don't argue, don't say *anything*, just disengage.

Don't say a word, just walk away, & don't respond to anything he says that involves the issue.

If he asks what time it is, tell him.
If it's time for dinner, tell him it's time for dinner.

If he says, thanks, I'm hungry, etc, go ahead & converse normally.

but if he says, "well, so you *are* talking to me again", or some such, look at him so that he knows you've heard him & that your behavior is deliberate, & walk away.

Don't reward bad behavior.

    Bookmark   January 26, 2008 at 11:10AM
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I apologized to my sister a couple of weeks ago and she said, "thank you, I appreciate that. You really hurt me, blah, blah, blah and so forth. I hung up on her.


    Bookmark   January 28, 2008 at 8:59PM
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OK, I see your point Gooseegg, about needing a little bit of time alone, but on the other hand, running away doesn't fix anything. My DH has a horrible problem w/ this & maybe you're completely different, so don't get offended, I'm just telling the other side.

Like I said, if you honestly need time alone to take in everything & calmly think about stuff fine, but if you're just leaving thinking that it's all going to be better when you return, I think that's cowardly & childish. Like somebody mentioned in an earlier post, going out for a couple of hours is one thing, but leaving for 24 hrs. is completely different!

As mentioned above, my DH has a horrible problem w/ "running away". But, when he leaves, yes, he needs time alone, but he also thinks that when he gets back he won't have to talk about what happened & it will have just disappeared. Well, this doesn't work b/c I don't get over things easily that have truly hurt me. This is a problem I have that I need to work on, but I hang on to things for a lot longer than I should sometimes. Anyway, so when DH returns from "running away" I usually get mad all over again & instead of us having a 20 minute talk, it turns into an hour long fight b/c now I'm mad b/c he left, when all I wanted in the first place was to sit & calmly talk about whatever is going on. DH knows that when he leaves it doesn't solve anything & he's admitted that he shouldn't leave, but he continues to do it. I admit, we have a huge communication problem in our relationship. I'm a talker & he's just not. Although, he has gotten better, we still don't share thoughts & feelings like we should, as far as I'm concerned.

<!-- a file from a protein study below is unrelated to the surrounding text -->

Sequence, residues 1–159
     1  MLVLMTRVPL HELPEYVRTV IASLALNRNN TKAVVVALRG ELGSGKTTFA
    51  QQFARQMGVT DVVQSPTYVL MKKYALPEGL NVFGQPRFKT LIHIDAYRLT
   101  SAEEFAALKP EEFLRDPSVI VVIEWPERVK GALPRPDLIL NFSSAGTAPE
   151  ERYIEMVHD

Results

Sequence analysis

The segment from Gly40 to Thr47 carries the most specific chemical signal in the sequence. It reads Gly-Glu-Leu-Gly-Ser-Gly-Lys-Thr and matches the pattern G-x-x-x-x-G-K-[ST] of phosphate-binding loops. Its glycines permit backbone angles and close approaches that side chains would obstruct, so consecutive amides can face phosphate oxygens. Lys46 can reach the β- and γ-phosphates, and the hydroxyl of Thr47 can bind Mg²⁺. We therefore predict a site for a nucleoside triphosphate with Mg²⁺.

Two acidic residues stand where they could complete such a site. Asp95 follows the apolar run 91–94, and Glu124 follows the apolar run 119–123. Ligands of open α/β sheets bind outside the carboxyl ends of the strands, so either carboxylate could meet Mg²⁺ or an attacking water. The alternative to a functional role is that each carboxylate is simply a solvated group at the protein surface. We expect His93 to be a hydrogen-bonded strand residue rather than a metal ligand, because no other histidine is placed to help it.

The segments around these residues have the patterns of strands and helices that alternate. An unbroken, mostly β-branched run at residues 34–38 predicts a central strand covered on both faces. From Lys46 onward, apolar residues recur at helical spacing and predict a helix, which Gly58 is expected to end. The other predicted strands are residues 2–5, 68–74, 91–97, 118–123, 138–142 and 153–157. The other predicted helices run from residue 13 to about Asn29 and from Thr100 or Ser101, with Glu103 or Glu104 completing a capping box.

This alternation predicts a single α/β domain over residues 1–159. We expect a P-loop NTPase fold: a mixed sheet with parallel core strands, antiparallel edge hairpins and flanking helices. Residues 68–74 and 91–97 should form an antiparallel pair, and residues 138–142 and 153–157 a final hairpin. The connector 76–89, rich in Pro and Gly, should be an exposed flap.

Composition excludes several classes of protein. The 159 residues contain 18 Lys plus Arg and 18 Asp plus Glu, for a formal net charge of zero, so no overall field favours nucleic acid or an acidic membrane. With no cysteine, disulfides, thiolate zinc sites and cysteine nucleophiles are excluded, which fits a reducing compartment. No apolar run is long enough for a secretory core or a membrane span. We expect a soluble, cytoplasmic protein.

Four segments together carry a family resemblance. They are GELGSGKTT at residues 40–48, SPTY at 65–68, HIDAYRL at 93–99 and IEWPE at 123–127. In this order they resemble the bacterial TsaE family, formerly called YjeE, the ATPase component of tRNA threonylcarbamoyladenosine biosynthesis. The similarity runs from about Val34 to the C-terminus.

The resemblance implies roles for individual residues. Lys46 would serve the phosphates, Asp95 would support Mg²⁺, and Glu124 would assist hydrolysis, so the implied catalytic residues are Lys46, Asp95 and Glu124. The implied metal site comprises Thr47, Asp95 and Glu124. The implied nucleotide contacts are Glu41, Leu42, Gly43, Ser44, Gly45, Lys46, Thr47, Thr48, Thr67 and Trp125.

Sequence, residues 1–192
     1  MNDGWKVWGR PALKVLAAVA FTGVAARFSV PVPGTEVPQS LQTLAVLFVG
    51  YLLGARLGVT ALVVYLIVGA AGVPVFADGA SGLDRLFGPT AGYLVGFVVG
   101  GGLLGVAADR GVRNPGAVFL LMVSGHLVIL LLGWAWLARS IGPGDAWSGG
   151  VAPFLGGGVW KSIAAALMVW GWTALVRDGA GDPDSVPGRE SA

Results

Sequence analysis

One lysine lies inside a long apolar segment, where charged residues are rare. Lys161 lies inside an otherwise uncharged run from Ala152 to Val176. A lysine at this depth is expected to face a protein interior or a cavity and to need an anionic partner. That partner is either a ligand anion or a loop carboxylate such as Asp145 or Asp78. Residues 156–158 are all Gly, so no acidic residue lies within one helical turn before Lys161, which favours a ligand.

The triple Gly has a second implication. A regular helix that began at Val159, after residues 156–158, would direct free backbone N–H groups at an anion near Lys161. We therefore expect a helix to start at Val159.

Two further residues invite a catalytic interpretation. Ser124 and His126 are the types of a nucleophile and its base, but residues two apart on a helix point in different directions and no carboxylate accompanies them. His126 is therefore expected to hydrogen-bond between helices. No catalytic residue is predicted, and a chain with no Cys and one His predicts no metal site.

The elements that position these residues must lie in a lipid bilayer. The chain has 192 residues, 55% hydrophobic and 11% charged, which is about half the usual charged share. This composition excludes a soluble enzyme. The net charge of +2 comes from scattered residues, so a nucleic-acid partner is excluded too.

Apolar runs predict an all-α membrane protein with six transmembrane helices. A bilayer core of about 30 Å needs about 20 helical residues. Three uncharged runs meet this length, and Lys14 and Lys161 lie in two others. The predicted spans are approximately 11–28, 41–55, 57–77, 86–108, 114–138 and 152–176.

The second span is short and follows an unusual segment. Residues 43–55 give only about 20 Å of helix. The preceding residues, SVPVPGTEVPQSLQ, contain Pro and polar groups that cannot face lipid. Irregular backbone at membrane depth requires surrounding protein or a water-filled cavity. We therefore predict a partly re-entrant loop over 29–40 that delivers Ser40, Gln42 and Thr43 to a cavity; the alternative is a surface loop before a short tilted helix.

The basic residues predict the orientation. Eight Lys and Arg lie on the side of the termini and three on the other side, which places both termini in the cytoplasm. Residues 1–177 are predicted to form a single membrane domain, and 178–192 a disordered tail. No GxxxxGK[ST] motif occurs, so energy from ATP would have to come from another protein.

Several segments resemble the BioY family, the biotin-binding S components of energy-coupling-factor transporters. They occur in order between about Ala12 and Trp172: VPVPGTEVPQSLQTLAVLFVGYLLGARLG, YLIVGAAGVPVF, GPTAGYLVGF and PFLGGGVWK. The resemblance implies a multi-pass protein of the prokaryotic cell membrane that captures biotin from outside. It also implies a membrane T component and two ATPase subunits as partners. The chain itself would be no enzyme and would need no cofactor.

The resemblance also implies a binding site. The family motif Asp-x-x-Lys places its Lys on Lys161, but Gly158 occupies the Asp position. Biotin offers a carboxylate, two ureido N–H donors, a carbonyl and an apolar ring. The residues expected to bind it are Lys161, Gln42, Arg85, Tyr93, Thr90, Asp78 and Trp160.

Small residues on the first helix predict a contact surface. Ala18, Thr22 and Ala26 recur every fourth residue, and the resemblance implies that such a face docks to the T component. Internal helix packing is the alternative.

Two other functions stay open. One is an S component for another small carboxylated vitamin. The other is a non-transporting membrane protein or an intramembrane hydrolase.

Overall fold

*I don't want anybody to think I'm trying to "bully" my DH. I simply want him to sit & talk to me, I'm not asking for an apology... I want us to figure our problems out w/o really blaming anybody.*

I don't know if I've made any sense here or not, but I hope everyone can see my point.

    Bookmark   February 6, 2008 at 10:20PM
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Mc Hudd

"I don't get over things easily that have truly hurt me"

This is completely normal...you feel this way because the conflict has not been RESOLVED.

In my mind, every conflict, no matter what from the tiniest spat to the bombing of a city...if there is no resolution, then the hurt goes on forever.

We need to think about conflict as a process with a beginning and an end. Sure things can be horrible, yelling and screaming, nasty words, people upset, storming off, then calming down. Then when the calm has come, put together the words of resolution. There must be some sort of compromise.

Does that make sense ?


    Bookmark   February 7, 2008 at 5:58PM
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Popi~ Yes, that does make sense. That's what my opinion has been all along, but maybe my DH has told me that I "remember stuff for too long" that I've actually started to believe it! Like I said though, I have always told him & thought to myself that the only reason I do this is b/c there was no closure to the matter. A lot of times DH will say "I'm sorry" and expect that to be the end of it, but that doesn't work for me. It seems like "sorry" doesn't really mean very much to me anymore, I guess probably b/c DH is good about saying "I'm sorry" then 2 weeks later doing the same thing over again. I've told him this & he understands my point & I have to admit though, he is getting better.

    Bookmark   February 7, 2008 at 9:07PM